So go ahead and enjoy apples!


For best benefit stew your apples and make them into sauce. I suggest keeping the peels on because the content of phenolic compounds, dietary fibre, and minerals are higher in apple peel. You can use a high powered blender to pulverize the peel and integrate it into a nice sauce if your child is sensitive to the texture of the peel. If your child reacts to phenols, try peeling the apples to see if that reduces the reaction. They will still get some benefit. Give your child a little bit with every meal.

Food hold a huge potential to help your child. You just need to learn how to use this tool efficiently and systematically.

For more on the connection between food and your child's behaviour, watch this free video training.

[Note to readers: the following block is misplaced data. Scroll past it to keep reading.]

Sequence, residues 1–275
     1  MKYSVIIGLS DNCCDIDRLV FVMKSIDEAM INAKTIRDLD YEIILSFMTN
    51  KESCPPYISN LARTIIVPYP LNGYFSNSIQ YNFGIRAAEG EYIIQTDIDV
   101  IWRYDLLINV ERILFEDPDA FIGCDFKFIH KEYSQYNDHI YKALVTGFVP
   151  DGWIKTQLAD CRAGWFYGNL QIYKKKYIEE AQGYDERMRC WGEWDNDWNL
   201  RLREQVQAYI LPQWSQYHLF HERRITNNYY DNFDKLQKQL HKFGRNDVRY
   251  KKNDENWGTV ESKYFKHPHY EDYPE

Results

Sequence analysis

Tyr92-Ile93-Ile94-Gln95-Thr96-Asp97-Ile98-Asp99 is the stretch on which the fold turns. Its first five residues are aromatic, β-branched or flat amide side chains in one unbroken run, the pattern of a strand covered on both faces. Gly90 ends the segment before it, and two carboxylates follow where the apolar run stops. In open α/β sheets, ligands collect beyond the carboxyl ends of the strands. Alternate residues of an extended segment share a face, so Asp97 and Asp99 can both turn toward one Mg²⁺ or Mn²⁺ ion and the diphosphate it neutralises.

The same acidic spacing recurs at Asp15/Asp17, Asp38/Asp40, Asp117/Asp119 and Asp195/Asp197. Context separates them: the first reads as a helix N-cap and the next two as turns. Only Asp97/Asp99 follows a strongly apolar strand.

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References:

Dietary fibre and intestinal health: https://www.sciencedaily.com/releases/2017/08/170810173334.htm

Microbiota, butyrate and protection from pathogens: http://science.sciencemag.org/content/357/6351/570

Butyrate depletion and IBS: http://science.sciencemag.org/content/357/6351/548

Butyrate and constipation: https://www.ncbi.nlm.nih.gov/pmc/articles/PMC4027827/

Butyrate and diarrhea: https://www.ncbi.nlm.nih.gov/pubmed/15139502

Pectin and heavy metals: http://onlinelibrary.wiley.com/doi/10.1002/ptr.1953/full

Pectin and cancer: http://thescipub.com/PDF/ajptsp.2013.9.19.pdf

Pectin and weight: https://www.ncbi.nlm.nih.gov/pubmed/20955691

Apples, polyphenols and allergy: https://www.ncbi.nlm.nih.gov/pubmed/17039666

Butyrate and the epithelial lining: https://www.ncbi.nlm.nih.gov/pubmed/20024905

Apples, flavonoids and CRP: https://www.ncbi.nlm.nih.gov/pubmed/18356331

Phenolic compounds in apple peels: https://www.ncbi.nlm.nih.gov/pubmed/20722929